When irritated, these nerves cause a painful sensation that can be treated with an intercostal nerve block – an injection of anesthetic and steroid that provides pain relief.

  1. Trigger point injections:

Stress-induced knots in the neck and back are commonly known as trigger points. These tight knots are often the cause of pain experienced in the back. With trigger point injections, the administration of an anesthetic and a steroid can effectively calm the knots and address the pain.

  1. Spinal accessory nerve block:

The spinal accessory nerve runs along the back of the head, down the neck and into the shoulder blades. It innervates the sternocleidomastoid and trapezius neck muscles, which are responsible rotation of the head, flexion of the neck and elevation of the shoulders. A compressed or inflamed spinal accessory nerve can thus result in chronic pain and reduced mobility of the head, back and shoulders.

To treat this condition, a PNB procedure known as the spinal accessory nerve block can alleviate or minimize the pain caused by this nerve.

  1. Transcapular nerve block:

The transcapular (or suprascapular) nerve begins in the cervical spine and travels outward to the shoulders. It runs underneath the trapezius muscle, across the shoulder blade and innervates the supraspinatus and infraspinatus muscles.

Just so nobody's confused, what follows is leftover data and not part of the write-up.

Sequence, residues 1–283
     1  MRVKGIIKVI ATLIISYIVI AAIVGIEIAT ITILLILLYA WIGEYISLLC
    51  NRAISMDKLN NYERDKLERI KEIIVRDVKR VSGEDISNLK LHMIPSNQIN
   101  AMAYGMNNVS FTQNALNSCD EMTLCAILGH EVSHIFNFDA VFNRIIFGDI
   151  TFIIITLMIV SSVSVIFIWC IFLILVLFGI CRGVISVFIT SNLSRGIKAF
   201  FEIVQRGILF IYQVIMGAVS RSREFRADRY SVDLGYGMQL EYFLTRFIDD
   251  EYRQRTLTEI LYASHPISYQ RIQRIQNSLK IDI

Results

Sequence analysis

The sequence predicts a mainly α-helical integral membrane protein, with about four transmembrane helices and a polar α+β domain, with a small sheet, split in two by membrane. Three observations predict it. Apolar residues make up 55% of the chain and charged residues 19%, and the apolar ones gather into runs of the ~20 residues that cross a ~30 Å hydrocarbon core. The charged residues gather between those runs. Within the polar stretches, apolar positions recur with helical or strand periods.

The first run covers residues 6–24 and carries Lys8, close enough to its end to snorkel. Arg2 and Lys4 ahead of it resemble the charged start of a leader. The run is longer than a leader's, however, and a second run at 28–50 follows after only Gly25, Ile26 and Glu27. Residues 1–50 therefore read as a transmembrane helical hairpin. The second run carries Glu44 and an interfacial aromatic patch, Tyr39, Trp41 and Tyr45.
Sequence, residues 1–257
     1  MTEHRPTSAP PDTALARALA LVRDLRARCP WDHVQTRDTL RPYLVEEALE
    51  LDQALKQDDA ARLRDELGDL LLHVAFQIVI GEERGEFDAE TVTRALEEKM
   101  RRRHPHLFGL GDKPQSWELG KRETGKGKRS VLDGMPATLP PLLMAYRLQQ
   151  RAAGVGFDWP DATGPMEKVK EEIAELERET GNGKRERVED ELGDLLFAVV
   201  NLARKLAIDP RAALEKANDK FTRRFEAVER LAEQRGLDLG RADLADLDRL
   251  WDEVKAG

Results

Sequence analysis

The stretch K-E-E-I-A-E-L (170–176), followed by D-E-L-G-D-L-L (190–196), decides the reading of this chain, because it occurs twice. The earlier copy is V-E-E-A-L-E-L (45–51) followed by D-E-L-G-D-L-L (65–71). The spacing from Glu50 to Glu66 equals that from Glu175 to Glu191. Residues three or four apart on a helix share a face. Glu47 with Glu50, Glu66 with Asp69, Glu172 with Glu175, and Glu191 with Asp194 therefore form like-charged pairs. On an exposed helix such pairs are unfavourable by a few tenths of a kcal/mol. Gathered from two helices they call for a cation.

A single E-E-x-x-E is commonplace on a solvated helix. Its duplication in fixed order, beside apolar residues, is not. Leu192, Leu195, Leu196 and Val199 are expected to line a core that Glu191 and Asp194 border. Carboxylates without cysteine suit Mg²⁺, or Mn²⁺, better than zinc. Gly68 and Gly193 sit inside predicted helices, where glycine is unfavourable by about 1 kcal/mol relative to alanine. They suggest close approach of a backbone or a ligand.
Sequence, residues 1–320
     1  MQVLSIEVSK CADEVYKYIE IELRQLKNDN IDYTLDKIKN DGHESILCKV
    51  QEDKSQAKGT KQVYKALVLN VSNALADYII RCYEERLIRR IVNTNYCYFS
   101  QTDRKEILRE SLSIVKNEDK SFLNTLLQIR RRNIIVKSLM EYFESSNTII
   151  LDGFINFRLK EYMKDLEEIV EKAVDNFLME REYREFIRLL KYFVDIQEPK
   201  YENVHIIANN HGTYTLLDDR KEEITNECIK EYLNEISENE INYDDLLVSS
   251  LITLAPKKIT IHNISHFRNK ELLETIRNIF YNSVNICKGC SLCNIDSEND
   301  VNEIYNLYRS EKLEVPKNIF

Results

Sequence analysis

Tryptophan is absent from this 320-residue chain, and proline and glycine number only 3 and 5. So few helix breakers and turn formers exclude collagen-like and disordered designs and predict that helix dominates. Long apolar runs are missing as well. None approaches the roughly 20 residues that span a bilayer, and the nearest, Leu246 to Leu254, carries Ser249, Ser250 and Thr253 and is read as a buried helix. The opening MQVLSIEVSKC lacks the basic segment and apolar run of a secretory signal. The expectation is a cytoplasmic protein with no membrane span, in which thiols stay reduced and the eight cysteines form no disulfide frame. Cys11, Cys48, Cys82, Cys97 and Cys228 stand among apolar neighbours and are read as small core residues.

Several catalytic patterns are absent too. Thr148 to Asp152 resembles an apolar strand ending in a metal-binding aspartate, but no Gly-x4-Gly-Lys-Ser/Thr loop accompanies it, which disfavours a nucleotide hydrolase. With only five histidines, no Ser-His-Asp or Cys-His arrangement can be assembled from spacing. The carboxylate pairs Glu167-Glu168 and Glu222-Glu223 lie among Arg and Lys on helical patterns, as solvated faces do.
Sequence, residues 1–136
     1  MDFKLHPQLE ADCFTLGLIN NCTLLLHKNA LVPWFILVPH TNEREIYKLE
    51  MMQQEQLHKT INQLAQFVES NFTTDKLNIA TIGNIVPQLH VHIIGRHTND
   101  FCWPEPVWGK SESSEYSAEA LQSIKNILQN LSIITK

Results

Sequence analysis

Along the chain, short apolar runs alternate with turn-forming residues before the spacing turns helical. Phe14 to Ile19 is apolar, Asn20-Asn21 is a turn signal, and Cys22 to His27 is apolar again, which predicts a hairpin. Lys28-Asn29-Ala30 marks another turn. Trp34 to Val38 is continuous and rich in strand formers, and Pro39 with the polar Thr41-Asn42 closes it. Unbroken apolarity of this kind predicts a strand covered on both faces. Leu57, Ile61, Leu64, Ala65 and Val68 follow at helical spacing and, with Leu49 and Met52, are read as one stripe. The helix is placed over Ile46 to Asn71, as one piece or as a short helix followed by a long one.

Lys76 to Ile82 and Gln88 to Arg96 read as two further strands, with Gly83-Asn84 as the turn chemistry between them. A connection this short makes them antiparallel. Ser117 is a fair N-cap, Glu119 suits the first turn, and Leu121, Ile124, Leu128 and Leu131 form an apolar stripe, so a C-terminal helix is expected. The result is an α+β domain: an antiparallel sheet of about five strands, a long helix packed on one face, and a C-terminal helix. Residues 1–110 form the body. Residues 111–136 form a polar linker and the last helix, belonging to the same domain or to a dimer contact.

When this nerve is damaged, irritated or inflamed from injury, trauma, arthritis etc. individuals experience pain in the upper back, neck and chest. Sometimes, insults to the transcapular nerve are associated with poor functioning shoulder joints as well.

Therapeutic relief can be provided for pain caused by the transcapular nerve through a PNB injection called a transcapular nerve block. The mixture of an anesthetic and a steroid dissipates the pain, reduces inflammation and improves the range of motion for up to twelve weeks at a time.

A peripheral nerve block in Toronto is often a powerful treatment solution for anyone experiencing chronic back and shoulder discomfort. To see which PNB procedure is most appropriate for your medical need, come speak with our team to learn more.

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Go Painless

Our team at Painless Medicine and Therapeutics focuses on improving our patient’s pain conditions.

Our goal and philosophy is to make the patient’s therapeutic experience as painless as possible by finding a therapeutic plan that best treats their symptoms and lifestyle. We truly believe in collaboration and working closely with patients so that they have control over their medication, and so that the treatment aligns with our clinic’s values.

In cases where chronic pain cannot be cured, but instead must be effectively managed, our team’s purpose is to limit the complications and to minimize the severity of the symptoms experienced by the patient. We wish to optimize our patients’ control over their pain so they feel enabled to be the best possible version of themselves and enjoy life again.

If you are suffering from a chronic pain condition, we highly suggest that you visit our clinic in Toronto to see what we can do for you.